Midland is a resounding, redemptive novel about healing from a tragedy.
In Ross Breithaupt’s measured novel Midland, a young man works to heal following his brother’s suicide.
In the 1980s, ten years after his brother jumped to his death in Lake Superior, Rory gets a job planting trees in the area. Rory’s grandmother, a veteran of the tree industry, worries about him, but her health is deteriorating. From the work camp, Rory writes letters to his family members, friends, and to his therapist—but also to his brother, as he attempts to understand the event. As the crew of tree workers races against deadlines and a fire heading their way, Rory’s nightmares and phobias challenge the love that’s kindling between him and the planters’ cook, Betina. Still, he chooses to accept her care, nurturing hope for a better future.
Rhythm plays a major role in Rory’s life and in the structure of the book. A bassist in a band before he leaves to plant trees, Rory’s hobby is making mix tapes. He finds and settles into his own rhythm, song by song; meanwhile, the narrative achieves a hard-fought flow, snippet by snippet. Clipped, percussive phrases are used to reflect Rory’s fluctuating state; he escapes from tragic memories into music.
Among the cast, Rory’s coworkers contribute comic relief via their quirks. Betina is lovely, but contends with her own past hurts; Rory’s nemesis is jealous of his connection to Betina. Rory himself is seen from varied angles, resulting in a complex sense of him as a solid figure who warrants empathy.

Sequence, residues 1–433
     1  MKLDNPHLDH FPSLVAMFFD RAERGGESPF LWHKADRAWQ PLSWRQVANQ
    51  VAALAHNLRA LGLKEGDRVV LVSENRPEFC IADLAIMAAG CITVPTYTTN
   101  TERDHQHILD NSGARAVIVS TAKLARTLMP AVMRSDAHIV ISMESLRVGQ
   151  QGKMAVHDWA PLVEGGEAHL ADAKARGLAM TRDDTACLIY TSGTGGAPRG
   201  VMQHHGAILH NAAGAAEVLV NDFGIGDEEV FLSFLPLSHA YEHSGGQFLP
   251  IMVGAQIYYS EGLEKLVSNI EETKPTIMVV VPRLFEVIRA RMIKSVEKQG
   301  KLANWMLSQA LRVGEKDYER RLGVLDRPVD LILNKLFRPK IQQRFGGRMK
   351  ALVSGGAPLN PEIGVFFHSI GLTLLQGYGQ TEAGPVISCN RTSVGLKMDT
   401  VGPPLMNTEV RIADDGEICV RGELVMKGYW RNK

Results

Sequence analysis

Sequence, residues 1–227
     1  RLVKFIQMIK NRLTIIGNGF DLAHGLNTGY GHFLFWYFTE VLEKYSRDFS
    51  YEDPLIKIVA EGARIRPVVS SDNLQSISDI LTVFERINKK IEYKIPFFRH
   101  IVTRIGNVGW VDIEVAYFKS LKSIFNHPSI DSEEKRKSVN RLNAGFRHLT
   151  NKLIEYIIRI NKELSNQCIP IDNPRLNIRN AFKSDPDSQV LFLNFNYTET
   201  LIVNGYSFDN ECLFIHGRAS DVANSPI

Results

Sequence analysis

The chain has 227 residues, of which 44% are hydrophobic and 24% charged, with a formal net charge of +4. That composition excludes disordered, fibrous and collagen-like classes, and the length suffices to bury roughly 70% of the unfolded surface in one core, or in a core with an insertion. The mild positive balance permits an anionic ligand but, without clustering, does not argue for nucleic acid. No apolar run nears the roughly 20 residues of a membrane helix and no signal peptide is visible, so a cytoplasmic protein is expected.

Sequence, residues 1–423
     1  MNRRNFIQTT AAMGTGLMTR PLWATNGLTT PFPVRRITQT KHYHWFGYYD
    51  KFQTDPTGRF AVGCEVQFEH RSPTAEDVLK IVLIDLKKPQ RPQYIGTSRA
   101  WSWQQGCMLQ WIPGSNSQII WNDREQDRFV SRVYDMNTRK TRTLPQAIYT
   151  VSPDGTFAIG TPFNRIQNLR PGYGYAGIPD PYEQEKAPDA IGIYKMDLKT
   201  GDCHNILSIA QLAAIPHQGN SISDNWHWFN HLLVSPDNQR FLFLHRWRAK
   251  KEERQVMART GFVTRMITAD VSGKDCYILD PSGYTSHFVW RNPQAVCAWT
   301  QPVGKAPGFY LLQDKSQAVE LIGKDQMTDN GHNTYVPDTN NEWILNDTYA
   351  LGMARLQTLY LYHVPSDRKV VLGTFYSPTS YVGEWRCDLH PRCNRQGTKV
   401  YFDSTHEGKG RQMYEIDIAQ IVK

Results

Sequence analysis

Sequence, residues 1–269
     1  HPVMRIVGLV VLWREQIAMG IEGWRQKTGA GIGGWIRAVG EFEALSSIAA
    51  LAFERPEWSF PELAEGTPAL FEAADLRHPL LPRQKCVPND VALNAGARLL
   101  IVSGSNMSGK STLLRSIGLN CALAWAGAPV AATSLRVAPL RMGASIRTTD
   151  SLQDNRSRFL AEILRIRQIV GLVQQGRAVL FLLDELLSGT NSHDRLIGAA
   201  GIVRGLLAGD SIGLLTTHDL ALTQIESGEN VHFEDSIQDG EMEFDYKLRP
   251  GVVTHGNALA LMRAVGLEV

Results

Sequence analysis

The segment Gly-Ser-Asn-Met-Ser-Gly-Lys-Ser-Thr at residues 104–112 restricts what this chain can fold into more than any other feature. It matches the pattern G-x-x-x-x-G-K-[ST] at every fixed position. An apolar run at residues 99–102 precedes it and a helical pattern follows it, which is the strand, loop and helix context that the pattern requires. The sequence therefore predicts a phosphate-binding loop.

While Rory’s letters set an intimate, probing tone as they detail everyday life in camp, allowing for more expression than comes through his halting in-person conversations, there’s a disjointed back and forth in the narration in general, whose agitation is matched by the arduous work of tree planting. The perspective moves between Rory’s letters, the omniscient coverage of his grandmother’s story, and Rory’s dead brother’s voice, resulting in jagged sequences and a tumultuous pace. Rory’s brother’s voice is indicated internally by a bold font; he adds a mystical element to the story, as do its references to the Tibetan Book of the Dead. But in the midst of the book’s mishmash of threads, catastrophes serve to streamline the story toward a linear, cathartic climax whose events galvanize Rory’s energy and the narrative’s focus.
Resounding and redemptive, Midland is a novel whose lead character seeks a better life in the deep forests of the far north.
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